Yesterdayâs news is old news. Except when it comes to predicting future obesity rates.
A new study published in the journal BMC Public Health suggests that food words trending in 2015 can predict the obesity levels in 2018. Researchers came to this conclusion after analyzing food words mentioned during the past 50 years in the New York Times newspaper and the last 17 years in the London Times.
They evaluated whether the mentions of health risk trends or consumption trends preceded obesity prevalence and if they were able to predict a countryâs obesity levels in three years.
Researchers scanned the newspapers for specific food mentions that were coded into different categories: the less healthy foodsâsalty or sweet snacksâand healthy foodsâfruits or vegetables. They analyzed whether the food mentions led to an increase in obesity prevalence or were mentioned following an increase in obesity occurrence for each the U.S. and the U.K.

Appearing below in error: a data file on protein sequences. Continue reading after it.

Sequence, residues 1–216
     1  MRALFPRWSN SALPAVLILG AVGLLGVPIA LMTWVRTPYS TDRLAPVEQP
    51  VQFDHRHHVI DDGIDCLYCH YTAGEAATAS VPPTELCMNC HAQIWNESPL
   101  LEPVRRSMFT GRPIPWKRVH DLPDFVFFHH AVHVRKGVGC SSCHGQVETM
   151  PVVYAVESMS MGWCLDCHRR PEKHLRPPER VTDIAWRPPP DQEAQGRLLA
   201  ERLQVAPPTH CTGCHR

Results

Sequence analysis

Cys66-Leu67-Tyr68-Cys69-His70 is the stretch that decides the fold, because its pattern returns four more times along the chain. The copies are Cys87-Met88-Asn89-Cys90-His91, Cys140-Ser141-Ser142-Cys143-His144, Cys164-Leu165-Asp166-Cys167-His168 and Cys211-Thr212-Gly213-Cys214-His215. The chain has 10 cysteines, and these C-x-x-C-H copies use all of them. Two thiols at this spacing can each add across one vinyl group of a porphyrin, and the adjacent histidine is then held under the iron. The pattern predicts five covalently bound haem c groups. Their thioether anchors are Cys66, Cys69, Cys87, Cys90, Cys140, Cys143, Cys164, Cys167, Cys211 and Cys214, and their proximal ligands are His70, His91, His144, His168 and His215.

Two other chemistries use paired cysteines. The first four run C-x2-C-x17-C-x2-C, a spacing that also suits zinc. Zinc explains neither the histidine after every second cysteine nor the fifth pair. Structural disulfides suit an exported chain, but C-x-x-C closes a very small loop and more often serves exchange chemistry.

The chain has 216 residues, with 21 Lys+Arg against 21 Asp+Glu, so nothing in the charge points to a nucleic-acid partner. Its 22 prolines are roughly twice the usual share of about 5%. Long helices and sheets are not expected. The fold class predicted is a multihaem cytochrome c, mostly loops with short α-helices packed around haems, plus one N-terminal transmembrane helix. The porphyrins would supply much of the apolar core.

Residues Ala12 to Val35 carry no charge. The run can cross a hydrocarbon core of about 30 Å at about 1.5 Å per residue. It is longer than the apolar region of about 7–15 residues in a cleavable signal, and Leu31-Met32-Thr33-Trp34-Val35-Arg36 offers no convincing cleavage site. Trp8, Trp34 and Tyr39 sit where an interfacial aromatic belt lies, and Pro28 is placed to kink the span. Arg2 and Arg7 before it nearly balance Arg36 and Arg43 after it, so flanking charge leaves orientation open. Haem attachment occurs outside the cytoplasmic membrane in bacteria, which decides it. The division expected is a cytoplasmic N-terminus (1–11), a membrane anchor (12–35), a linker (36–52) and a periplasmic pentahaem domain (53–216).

The researchers wanted to know if the country was becoming obsessed with more sugary foods and less interested in vegetables and fruits at the same timeâand whether these obsessive cultures were reflected in the number of articles mentioning these foods.
Study researchers found that mentioning sugary snacks was related to increased obesity prevalence, whereas mentioning fruits and vegetables showed a decrease in obesity prevalence. There was no connection between mentioning of salty snacks and predicting obesity prevalence three years later. Results were similar among both U.S. and U.K. populations.
Researchers conclude that using this information can be beneficial in guiding a populationâs public health movement. By understanding the effects and major role that newspapers and media play in the future of a populationâs health and weight status, the effectiveness of public health interventions can be better assessed.
The study was self-funded by the Cornell Food and Brand Lab.
Sources for Todayâs Article:
âThe New York Times can predict your future weight: Future obesity is predicted by todayâs trending food stories,â ScienceDaily web site, July 20, 2015; www.sciencedaily.com/releases/2015/07/150720141323.htm.
Davis, B., et al., âFifty years of fat: news coverage of trends that predate obesity prevalence,â BMC Public Health 2015; 15(1): 629.